UAE calls for de-escalation amid reactions to Iran missile attacks

An image grab from footage obtained from Iran Press news agency on Jan. 8, 2020 allegedly shows rockets launched from Iran against the US military base in Ein-Al Asad in Iraq the prevous night. (AFP)
Updated 08 January 2020

UAE calls for de-escalation amid reactions to Iran missile attacks

  • Iraq’s President Barham Salih condemned Iran’s missile strikes on Iraqi bases, saying he feared “dangerous developments” in the region
  • US President Donald Trump also condemned the strike and tweeted “All is well! … Assessment of casualties & damages taking place now. So far, so good!”

PARIS: The UAE’s foreign ministry called for a de-escalation in the region on Wednesday and said “rational dialogue” is the best solution after Iran carried out a missile attack on Iraqi bases housing US and other foreign troops.
The UAE’s foreign ministry also said that current developments will not affect the country, its citizens or residents, and that “all activities … in all sectors are proceeding normally.”
Iran fired more than a dozen ballistic missiles in the early hours of Wednesday, officials in Washington and Tehran said.
Iran said it was responding to the US killing of top Iranian general Qassem Soleimani last week, warning it would hit back even harder if Washington responded.
Iraq’s President Barham Salih condemned Iran’s missile strikes on Iraqi bases, saying he feared “dangerous developments” in the region.
“We denounce the Iranian missile bombing that hit military installations on Iraqi territory and renew our rejection of the repeated violation of state sovereignty and the transformation of Iraq into a battlefield for warring sides,” his office said in a statement.

Iraq’s foreign ministry said that Iran’s missile strikes on Iraqi bases was a “violation” of the country’s sovereignty and urged all concerned parties to show restraint in a statement.

The statement added that Iraq should not be allowed to turn into a battle field where scores are settled, and that Iran’s ambassador to Iraq would be summoned to discuss the matter. 
US President Donald Trump also condemned the strike and tweeted “All is well! … Assessment of casualties & damages taking place now. So far, so good!” 

During a statement on Wednesday, Trump said Iran "appears to be standing down" and credited an early warning system “that worked very well" for the fact that no Americans or Iraqis were killed.

Jordan’s King Abdullah II expressed his country’s support for Iraq’s security and stability in a telephone call with Iraqi PM Adel Abdul Mahdi on Wednesday. During the call, he stressed the importance of cooperation to remove the threat of war from people in the region.
The United Nations mission in Iraq said the country should not be made to “pay the price” in the escalating conflict between Tehran and Washington.
The UN mission said in a statement that the latest strikes “again violate Iraqi sovereignty” and added: “We call for urgent restraint and a resumption of dialogue. Iraq should not pay the price for external rivalries.”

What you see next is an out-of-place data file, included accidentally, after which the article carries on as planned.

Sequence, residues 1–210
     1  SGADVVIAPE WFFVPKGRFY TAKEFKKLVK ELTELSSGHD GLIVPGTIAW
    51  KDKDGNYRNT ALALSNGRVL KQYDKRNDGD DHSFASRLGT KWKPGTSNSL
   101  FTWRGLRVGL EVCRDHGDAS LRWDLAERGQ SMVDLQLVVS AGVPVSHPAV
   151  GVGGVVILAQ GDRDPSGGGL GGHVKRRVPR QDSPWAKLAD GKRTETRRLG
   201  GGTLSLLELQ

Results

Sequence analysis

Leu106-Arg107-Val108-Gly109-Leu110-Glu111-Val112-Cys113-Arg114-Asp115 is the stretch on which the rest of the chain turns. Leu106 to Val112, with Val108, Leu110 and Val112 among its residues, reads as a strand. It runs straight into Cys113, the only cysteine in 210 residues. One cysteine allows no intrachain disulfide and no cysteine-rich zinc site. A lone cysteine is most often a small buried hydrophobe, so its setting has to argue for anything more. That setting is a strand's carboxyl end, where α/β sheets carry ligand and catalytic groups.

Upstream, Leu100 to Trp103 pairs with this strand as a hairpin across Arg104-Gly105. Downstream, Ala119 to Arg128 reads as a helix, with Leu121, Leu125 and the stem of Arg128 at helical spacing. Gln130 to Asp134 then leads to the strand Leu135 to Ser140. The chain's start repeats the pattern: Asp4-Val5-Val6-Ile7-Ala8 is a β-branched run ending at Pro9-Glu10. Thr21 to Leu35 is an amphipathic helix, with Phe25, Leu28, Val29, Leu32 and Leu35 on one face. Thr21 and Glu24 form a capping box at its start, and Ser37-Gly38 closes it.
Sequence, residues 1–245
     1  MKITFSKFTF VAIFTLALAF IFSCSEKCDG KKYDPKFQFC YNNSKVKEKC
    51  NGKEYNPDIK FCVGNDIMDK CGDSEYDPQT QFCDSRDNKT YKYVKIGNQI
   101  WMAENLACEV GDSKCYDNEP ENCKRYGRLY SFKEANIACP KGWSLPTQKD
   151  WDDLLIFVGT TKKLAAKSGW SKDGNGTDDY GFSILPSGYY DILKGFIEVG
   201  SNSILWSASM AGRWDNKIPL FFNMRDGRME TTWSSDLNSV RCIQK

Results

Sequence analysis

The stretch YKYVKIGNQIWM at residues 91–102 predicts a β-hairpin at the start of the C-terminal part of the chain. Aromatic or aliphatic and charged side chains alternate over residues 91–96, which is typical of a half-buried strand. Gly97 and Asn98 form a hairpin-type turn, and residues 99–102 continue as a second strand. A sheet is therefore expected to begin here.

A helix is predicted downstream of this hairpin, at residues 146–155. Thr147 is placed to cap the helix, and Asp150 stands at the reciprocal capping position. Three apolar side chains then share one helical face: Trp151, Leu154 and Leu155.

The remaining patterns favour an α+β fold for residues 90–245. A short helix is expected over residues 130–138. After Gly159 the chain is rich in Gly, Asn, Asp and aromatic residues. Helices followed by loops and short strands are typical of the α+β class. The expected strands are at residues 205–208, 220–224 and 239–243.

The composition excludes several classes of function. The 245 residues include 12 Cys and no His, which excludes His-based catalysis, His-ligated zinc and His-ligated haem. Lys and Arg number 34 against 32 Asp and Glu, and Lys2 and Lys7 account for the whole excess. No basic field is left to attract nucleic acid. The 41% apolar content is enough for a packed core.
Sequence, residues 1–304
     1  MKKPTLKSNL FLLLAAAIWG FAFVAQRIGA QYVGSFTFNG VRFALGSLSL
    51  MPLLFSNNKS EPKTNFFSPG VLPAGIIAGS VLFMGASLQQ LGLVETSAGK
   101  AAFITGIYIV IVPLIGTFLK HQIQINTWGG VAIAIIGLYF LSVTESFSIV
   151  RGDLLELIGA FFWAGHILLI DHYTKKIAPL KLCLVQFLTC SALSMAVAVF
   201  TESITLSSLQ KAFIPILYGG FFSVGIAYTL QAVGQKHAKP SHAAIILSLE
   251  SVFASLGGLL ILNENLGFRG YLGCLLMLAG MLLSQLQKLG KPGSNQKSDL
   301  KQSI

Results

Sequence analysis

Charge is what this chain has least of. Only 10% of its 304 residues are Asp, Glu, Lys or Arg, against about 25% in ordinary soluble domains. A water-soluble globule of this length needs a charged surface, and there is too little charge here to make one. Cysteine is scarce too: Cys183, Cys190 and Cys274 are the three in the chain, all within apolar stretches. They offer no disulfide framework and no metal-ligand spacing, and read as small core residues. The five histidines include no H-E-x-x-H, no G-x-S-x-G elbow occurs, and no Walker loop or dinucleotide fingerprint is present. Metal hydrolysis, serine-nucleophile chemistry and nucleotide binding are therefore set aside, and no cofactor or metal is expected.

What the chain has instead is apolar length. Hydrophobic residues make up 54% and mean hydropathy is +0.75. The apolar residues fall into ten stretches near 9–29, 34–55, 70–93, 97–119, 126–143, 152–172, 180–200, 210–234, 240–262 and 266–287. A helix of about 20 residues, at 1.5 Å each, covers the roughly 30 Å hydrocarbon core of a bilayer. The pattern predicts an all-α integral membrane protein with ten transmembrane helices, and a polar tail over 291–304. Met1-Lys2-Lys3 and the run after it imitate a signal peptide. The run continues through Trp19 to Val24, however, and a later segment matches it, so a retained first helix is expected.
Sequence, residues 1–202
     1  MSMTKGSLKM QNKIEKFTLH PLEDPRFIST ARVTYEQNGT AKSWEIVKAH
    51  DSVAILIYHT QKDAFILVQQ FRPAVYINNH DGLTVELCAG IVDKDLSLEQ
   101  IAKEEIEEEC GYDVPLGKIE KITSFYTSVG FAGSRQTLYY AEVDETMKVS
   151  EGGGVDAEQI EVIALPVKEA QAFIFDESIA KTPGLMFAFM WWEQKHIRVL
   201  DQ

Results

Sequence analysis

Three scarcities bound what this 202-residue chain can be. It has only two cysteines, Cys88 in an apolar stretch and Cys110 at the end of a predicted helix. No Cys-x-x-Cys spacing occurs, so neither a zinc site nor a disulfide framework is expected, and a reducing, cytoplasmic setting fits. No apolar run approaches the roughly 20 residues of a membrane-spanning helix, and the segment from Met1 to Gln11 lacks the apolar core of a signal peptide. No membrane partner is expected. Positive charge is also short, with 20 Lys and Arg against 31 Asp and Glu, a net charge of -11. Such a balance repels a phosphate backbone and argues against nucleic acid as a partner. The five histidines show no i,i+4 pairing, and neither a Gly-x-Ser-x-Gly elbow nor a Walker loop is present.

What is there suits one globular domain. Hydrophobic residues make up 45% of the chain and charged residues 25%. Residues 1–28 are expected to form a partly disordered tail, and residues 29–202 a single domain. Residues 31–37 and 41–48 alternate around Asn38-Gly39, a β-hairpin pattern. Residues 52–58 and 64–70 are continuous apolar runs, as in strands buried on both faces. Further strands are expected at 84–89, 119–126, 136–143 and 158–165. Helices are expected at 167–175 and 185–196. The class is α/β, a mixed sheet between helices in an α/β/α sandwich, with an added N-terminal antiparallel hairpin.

Influential Iraqi Shiite cleric Moqtada Al-Sadr said the crisis Iraq was experiencing is over following de-escalation rhetoric from both Iran and the US and called on militia groups not to carry out attacks.
A new strong Iraqi government able to protect the nation's sovereignty and independence should be formed in the next 15 days and usher in an early election, the populist cleric said in a statement, adding that Iraqis should still seek to expel foreign troops, however.
"I call on the Iraqi factions to be deliberate, patient, and not to start military actions, and to shut down the extremist voices of some rogue elements until all political, parliamentary and international methods have been exhausted," he said. 
Britain’s Prime Minister Boris Johnson told the UK’s parliament: “Iran should not repeat these reckless and dangerous attacks but should instead pursue urgent de-escalation.”
Earlier, Foreign Secretary Dominic Raab warned that another war in the Middle East would only benefit the Daesh group “and other terrorist groups.”

US President Donald Trump discussed the situation in the Middle East with NATO Secretary-General Jens Stoltenberg on Wednesday and "emphasized the value of NATO increasing its role in preventing conflict and preserving peace in the Middle East," the White House said.
NATO chief Jens Stoltenberg said: “I condemn the Iranian missile attacks on US and coalition forces in Iraq. NATO calls on Iran to refrain from further violence.”
A NATO official said none of its troops in Iraq had been hurt in the strikes.
Israeli Prime Minister Benjamin Netanyahu, who has described Soleimani as Iran’s “terrorist-in-chief,” made it clear Israel would strike back if attacked.
“Anyone who attacks us will receive a resounding blow,” he warned.
The European Union’s foreign policy chief Josep Borrell said the attack was yet another example of “escalation and increased confrontation.”
“It is in no-one’s interest to turn up the spiral of violence even further,” he added, warning that the crisis was hampering the fight against Islamic State.
EU foreign ministers will hold emergency talks on the Iran crisis Friday to discuss what the bloc can do to reduce tensions.